Comparison of the first and the more recent sample:

First sample Recent sample
Hash 14e8a8095426245633cd6c3440afc5b29d
Compilation date 1/28/2019  8:13:06 PM 3/18/2019  11:07:54
Share Memory None SM-tgytutrc
Mutex None MX-tgytutrc
%Temp% folder naming svch0st.%random_number%.exe tgytutrc%randomnumber%.exe
User lockout Not implemented Changes password to [email protected]
and locks out user
Logging flag Exists Exists
Multi-processing encryption Exists Exists
Dry run (no encryption) Exists Doesn’t exist
Single file encryption Exists Doesn’t exist
Erase specific file Exists Doesn’t exist
Fill unused HD space Exists Exists
Ransom note Exists Exists
Built-in recovery code Doesn’t exist Doesn’t exist

Based on our analysis of the more recent sample listed above, we’ve observed that when the malware starts to run it takes the following steps:

  1. Calls CreateMutex – MX-tgytutrc”
  2. Runs the command “cmd.exe /c move /t %filepath% %temp% tgytutrc%randomnumber%.exe” in order to move itself to the temp folder
  3. Runs itself from the new location ( %temp%) and adds the argument -m to the command line.
    The tool executes commands in command line without using a console window. It seems likely that this is an oversight by the developers who used command line to debug the malware.
  4. The tool can use the following options:
    1. Log (-l) – create log file in c:.log
    2. master (-m) – The master process
    3. Slave (-s) – The slave process
    4. Ipc (-i) – The name of the share memory
  5. The master process (option -m):
    1. Uses the command logout.exe in order to logout the all users who are already logged in a windows session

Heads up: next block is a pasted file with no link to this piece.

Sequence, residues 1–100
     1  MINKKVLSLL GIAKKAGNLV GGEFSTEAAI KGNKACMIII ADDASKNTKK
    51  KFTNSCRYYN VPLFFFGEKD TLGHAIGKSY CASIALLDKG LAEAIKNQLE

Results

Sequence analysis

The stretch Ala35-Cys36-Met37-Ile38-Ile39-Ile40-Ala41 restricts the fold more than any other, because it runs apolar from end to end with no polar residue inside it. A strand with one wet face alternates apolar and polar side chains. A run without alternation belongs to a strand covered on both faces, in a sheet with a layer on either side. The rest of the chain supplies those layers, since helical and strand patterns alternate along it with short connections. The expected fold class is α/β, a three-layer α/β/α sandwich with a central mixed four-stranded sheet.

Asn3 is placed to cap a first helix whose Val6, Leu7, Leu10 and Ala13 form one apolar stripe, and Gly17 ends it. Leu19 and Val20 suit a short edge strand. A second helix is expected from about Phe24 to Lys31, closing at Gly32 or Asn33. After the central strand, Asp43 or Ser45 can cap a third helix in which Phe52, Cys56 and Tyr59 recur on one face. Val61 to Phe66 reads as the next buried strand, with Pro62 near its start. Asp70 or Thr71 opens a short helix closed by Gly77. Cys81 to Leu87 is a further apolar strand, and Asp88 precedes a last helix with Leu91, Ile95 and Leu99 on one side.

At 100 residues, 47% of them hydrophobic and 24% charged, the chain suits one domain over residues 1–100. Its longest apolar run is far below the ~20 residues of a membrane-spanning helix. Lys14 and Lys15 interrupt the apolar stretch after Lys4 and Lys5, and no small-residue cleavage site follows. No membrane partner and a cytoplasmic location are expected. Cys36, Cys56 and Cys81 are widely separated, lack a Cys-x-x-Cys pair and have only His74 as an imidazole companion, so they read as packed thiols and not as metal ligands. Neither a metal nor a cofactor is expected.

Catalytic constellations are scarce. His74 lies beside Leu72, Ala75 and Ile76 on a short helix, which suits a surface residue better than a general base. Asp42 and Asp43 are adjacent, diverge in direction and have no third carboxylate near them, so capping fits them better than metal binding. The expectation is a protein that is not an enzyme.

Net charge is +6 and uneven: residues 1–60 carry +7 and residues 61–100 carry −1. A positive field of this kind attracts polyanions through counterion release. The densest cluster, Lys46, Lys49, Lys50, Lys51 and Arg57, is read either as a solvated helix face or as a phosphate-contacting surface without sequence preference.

2. Uses the standard Windows command net.exe in order to change each user’s password to [email protected]
    3. Creates shared memory with the name SM-tgytutrc
    4. Spawns a new process with the option -s -i SM-tgytutrc in order to encrypt each file (option -m):
    5. Uses the shared memory to pass the path to the files which need to be encrypted to the new process
    6. Uses RSA4096 +AES 256 to encrypt every file in the computer
    7. Changes the extension to every file that it encrypts to .locked
    8. Uses cipher.exe /win order to wipe all the free space in the harddisk
    9. Creates the Ransomware note file with the name“README_LOCKED.txt” which contains the following message:

The malware samples from early January were less sophisticated than the most recent samples we analyzed, suggesting that the threat actors continue to develop the malware in order to improve it and to target new victims.

The older sample, which was compiled on January 28th, 2019 at 8:13:06 PM with the hash: 14e8a8095426245633cd6c3440afc5b29d0c8cd4acefd10e16f82eb3295077ca, had the following differences from the more recent sample: